Review of The World Within the Word

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Editor: Jeffrey W. Hunter
Date: 2000
Publisher: Gale
Document Type: Book review; Critical essay
Length: 696 words

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[(review date Winter 1979-1980) In the following favorable review of The World Within the Word, Schneider discusses Gass's critical views on literature.]

Following close on the heels of John Gardner's On Moral Fiction, William Gass's second collection of essays seems almost a counter-attack. To Gardner's call for fiction of moral concern, Gass replies that "Poetry [which for Gass usually includes fiction and essays] is not a kind of communication, but a construction in consciousness." On the thread of this premise, Gass strings essays about an impressively eclectic range of topics, including suicide, psychology, philosophy, mathematics, and linguistics as well as literature.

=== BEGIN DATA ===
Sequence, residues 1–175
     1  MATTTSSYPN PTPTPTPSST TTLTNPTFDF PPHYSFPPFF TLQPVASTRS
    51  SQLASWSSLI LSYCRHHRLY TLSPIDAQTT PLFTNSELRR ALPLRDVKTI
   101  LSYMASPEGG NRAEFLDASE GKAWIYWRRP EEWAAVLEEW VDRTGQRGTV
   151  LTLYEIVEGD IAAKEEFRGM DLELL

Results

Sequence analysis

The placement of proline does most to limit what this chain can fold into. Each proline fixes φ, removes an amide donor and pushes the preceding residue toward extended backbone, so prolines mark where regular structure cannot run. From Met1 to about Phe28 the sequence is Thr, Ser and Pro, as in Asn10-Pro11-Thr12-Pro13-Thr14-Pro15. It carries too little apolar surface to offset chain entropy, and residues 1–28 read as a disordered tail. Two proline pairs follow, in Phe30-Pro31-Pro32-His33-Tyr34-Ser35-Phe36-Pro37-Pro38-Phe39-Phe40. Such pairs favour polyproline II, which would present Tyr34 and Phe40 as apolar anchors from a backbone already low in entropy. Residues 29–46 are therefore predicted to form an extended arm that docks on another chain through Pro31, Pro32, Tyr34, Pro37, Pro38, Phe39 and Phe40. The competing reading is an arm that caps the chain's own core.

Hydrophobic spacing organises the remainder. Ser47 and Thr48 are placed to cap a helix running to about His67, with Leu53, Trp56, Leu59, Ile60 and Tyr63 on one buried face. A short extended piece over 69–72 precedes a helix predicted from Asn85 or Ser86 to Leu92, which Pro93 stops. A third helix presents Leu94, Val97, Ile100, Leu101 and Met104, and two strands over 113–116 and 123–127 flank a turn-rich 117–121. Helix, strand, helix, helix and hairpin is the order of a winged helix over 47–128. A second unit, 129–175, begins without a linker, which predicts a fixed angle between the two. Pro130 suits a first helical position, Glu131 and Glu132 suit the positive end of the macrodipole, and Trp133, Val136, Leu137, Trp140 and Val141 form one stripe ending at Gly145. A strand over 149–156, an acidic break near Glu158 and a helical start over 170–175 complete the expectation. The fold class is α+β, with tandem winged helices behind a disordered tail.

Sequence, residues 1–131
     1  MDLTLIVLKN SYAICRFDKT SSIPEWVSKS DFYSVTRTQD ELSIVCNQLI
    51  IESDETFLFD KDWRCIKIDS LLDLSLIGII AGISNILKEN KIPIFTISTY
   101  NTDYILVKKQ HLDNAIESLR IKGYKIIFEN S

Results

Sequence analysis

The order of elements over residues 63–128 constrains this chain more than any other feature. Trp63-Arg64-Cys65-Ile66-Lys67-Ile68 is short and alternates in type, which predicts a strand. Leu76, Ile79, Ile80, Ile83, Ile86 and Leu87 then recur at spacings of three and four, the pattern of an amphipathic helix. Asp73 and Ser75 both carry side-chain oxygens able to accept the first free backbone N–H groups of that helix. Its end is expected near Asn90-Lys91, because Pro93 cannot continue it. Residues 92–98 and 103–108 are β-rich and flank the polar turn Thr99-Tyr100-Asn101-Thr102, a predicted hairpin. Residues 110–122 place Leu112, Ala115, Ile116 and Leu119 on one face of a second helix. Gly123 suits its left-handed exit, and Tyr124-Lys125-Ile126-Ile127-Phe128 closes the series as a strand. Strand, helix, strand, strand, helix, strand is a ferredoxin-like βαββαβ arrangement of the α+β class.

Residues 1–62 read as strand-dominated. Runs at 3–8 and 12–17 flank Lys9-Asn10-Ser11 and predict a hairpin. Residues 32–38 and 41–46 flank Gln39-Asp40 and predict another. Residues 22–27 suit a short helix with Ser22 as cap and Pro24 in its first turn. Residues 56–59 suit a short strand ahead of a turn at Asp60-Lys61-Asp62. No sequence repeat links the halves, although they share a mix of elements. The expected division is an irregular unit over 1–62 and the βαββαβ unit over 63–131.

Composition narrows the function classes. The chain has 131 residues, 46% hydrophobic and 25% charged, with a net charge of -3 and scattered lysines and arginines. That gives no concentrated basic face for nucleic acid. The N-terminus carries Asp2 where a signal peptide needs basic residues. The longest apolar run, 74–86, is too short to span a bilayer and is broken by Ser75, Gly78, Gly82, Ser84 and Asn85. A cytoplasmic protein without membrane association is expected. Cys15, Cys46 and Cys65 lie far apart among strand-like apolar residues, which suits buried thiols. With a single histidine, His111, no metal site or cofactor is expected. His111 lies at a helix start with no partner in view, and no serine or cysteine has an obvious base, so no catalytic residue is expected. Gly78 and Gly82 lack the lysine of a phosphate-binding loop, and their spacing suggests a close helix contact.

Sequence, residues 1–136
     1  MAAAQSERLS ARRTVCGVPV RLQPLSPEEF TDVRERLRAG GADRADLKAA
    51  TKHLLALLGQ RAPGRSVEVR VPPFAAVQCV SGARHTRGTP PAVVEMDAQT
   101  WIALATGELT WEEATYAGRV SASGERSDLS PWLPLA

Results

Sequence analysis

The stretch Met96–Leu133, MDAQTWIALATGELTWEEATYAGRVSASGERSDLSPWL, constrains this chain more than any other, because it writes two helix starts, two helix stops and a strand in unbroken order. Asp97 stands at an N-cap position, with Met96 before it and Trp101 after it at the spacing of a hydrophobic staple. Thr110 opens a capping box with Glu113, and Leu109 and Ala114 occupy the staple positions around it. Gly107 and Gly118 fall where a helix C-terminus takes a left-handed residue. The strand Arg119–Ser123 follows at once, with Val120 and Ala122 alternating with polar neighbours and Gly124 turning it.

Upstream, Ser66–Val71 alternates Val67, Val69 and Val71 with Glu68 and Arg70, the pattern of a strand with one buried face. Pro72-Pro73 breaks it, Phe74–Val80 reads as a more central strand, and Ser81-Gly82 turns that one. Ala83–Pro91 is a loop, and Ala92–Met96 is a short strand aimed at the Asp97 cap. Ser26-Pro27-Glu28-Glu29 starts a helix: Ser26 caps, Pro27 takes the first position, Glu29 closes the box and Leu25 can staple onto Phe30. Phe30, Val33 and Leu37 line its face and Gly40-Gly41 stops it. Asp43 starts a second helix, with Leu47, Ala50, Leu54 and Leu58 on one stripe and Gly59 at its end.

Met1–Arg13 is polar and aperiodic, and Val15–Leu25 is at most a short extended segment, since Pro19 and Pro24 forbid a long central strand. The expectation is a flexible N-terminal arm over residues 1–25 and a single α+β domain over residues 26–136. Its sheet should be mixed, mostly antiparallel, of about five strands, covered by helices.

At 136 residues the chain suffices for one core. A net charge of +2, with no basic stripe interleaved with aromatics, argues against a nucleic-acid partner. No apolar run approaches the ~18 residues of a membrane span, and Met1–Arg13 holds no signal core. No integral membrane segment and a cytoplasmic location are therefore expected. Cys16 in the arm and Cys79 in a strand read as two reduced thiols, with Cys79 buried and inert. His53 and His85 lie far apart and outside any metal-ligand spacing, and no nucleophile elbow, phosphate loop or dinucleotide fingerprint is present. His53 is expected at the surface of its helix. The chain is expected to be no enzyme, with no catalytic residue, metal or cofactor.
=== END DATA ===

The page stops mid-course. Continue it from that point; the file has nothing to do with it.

Gass begins by stripping the reader of two widespread misconceptions about what "poetry" is. In several essays on death and suicide, Gass reminds us that literature is not the cathartic escape from life, either for the writer or the reader, that most readers take it to be. Using Hart Crane, Malcolm Lowry, and his own mother as examples, he insists that although suicide may be an escape from life, literature certainly is...

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Gale Document Number: GALE|H1100033581